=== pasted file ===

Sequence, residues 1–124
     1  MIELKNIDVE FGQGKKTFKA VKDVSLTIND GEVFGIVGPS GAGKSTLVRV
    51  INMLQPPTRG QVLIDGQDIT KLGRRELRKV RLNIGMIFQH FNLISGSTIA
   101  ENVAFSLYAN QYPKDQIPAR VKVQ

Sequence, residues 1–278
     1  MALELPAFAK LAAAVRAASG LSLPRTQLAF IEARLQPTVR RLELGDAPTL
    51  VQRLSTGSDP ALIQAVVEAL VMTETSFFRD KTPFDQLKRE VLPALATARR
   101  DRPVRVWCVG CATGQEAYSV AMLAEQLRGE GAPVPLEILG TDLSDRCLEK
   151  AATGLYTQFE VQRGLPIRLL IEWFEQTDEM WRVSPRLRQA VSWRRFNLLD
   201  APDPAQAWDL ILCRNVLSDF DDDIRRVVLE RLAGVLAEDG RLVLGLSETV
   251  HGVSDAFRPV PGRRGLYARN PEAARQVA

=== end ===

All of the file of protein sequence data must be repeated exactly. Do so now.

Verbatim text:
Sequence, residues 1–124
     1  MIELKNIDVE FGQGKKTFKA VKDVSLTIND GEVFGIVGPS GAGKSTLVRV
    51  INMLQPPTRG QVLIDGQDIT KLGRRELRKV RLNIGMIFQH FNLISGSTIA
   101  ENVAFSLYAN QYPKDQIPAR VKVQ

Sequence, residues 1–278
     1  MALELPAFAK LAAAVRAASG LSLPRTQLAF IEARLQPTVR RLELGDAPTL
    51  VQRLSTGSDP ALIQAVVEAL VMTETSFFRD KTPFDQLKRE VLPALATARR
   101  DRPVRVWCVG CATGQEAYSV AMLAEQLRGE GAPVPLEILG TDLSDRCLEK
   151  AATGLYTQFE VQRGLPIRLL IEWFEQTDEM WRVSPRLRQA VSWRRFNLLD
   201  APDPAQAWDL ILCRNVLSDF DDDIRRVVLE RLAGVLAEDG RLVLGLSETV
   251  HGVSDAFRPV PGRRGLYARN PEAARQVA